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Sandy Citro

Is Christianity Tolerant?

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The prevalent view out there is that Christianity is intolerant. It stems from the exclusive claims that our God is the only one true God and that Jesus is the only way for salvation. Therefore, the supreme virtue these days is the virtue of tolerance where everyone must embrace each other and no one is allowed to judge others as wrong.

However, this raises a few questions. Is Christianity the only worldview that is exclusive? Does having an exclusive worldview necessarily mean that one is intolerant toward others? What is tolerance anyway?

If we investigate honestly, we will find that all worldviews are actually exclusive. They are exclusive in the sense that they would deem other worldviews that are opposing to their worldview as unacceptable. Even those who claim that all religions are the same are actually exclusive, because they will claim those who disagree with them as unacceptable. However, having an exclusive worldview and being intolerant toward others are not necessarily together. It really depends on what the worldview actually teaches and it also depends on the person having the worldview himself or herself.

Furthermore, the definition of tolerance has changed in the past few decades. So, it is worth looking again at what we mean by tolerance before we answer the question whether or not Christianity, or any other worldview for that matter, is tolerant.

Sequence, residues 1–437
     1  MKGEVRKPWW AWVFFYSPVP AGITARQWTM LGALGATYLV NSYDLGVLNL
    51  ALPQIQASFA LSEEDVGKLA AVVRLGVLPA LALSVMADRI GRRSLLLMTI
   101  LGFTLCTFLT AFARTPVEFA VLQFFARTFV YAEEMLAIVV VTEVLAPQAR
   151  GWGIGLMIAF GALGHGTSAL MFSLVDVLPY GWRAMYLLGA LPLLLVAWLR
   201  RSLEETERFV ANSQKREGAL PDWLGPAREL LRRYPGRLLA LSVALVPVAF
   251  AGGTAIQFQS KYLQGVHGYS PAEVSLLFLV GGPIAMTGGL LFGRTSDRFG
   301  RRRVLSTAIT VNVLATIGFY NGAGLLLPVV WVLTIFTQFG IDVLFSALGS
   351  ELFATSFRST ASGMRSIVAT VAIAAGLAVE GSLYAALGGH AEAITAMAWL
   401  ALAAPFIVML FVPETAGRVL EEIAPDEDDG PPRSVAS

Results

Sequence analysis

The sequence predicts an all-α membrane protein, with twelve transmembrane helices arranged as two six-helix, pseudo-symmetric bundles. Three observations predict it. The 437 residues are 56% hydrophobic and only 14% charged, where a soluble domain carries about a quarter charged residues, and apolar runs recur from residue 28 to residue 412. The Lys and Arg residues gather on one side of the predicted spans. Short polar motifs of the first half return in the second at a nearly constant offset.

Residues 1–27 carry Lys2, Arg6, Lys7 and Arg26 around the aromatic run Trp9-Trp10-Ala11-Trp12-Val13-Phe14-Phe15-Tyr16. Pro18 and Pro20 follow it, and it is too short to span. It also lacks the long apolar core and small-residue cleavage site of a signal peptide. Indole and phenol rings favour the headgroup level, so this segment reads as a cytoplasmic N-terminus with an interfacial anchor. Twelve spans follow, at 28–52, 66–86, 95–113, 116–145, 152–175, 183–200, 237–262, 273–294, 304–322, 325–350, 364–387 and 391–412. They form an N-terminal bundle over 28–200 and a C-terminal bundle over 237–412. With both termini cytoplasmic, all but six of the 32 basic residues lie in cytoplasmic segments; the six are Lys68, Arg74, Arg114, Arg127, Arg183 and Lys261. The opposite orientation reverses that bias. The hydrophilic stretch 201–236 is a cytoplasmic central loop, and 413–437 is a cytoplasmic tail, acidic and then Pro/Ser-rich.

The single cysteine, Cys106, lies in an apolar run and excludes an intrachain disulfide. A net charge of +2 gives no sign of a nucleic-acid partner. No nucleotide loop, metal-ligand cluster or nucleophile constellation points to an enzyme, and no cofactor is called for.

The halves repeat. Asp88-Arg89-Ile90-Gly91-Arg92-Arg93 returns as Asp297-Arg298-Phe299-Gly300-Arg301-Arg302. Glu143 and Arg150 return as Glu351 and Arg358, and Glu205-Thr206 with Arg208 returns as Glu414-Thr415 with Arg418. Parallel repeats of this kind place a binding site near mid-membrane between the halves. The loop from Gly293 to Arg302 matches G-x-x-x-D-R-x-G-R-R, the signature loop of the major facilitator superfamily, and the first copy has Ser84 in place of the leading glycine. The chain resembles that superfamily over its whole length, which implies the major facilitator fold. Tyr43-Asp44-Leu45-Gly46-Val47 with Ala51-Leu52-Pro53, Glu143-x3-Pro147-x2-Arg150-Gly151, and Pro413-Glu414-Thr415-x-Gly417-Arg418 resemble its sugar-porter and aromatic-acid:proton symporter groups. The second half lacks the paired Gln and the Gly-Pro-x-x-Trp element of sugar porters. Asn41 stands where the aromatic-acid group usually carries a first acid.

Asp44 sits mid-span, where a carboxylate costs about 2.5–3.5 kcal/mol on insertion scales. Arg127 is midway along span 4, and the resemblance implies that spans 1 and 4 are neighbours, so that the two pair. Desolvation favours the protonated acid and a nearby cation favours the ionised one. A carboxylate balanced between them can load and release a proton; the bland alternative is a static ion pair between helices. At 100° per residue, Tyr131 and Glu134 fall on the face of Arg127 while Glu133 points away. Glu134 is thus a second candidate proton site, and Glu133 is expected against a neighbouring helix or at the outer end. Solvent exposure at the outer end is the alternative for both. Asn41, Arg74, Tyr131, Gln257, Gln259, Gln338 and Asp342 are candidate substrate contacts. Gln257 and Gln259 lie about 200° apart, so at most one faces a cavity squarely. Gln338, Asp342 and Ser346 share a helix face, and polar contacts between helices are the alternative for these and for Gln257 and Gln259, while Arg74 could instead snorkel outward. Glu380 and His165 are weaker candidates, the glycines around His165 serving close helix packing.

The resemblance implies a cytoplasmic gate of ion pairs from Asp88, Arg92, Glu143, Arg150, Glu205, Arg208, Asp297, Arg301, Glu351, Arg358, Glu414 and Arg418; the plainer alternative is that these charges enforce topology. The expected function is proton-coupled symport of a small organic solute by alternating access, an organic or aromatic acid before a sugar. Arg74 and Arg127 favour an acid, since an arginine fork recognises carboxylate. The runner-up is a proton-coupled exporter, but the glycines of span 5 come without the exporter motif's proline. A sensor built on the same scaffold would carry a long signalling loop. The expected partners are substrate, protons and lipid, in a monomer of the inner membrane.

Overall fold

Glory to the Newborn King

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What is Christmas to you? To many people, Christmas is a holiday season. It is a time to spend and catch up with family. To others, it marks another shopping season. To some of you who are of Christian persuasion,
Christmas is about the birth of baby Jesus – cute, cuddly, baby Jesus, held by Mary, watched by Joseph, and with the shepherds and/or the wise men around.Unfortunately, to many people, Jesus is no more than a cute little baby that was born to bring a level of warmth and kindness into this world. Like a picture of a kitten that pops up in our screen in the middle of our busy day at work. Nice, refreshing, but that’s it, you go on with your work again.

To some Christians, Christmas is about the coming of a saviour. This is much closer to reality because that’s who Jesus is. Even his name means ‘God saves.’ However, I want to invite you to see Jesus as more than just a Saviour. He actually came as a king…the King of kings. The word ‘Christ’ is a royal term. Jesus is the Messiah King whose arrival was prophesied many years earlier. He came not just to save us. He came to establish God’s Kingdom on earth. He saves us so that we can enter His Kingdom. We must never understand Christmas as less than this.

In 1739, Charles Wesley wrote the Christmas carol “Hark the Herald Angels Sing,” and the lyrics aptly describe what Christmas is about.

Hark the herald angels sing: “Glory to the newborn King!
Peace on earth and mercy mild. God and sinners reconciled”
Joyful, all ye nations rise. Join the triumph of the skies
With the angelic host proclaim: “Christ is born in Bethlehem”
Hark! The herald angels sing: “Glory to the newborn King!”

Merry Christmas and may everyone bow down to this King of kings!

The blessing of wisdom

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Apostle John begins his gospel with this:

“In the Beginning was the Word, and the Word was with God, and the Word was God. He was in the beginning with God. All things were made through him, and without him was not any thing made that was made.”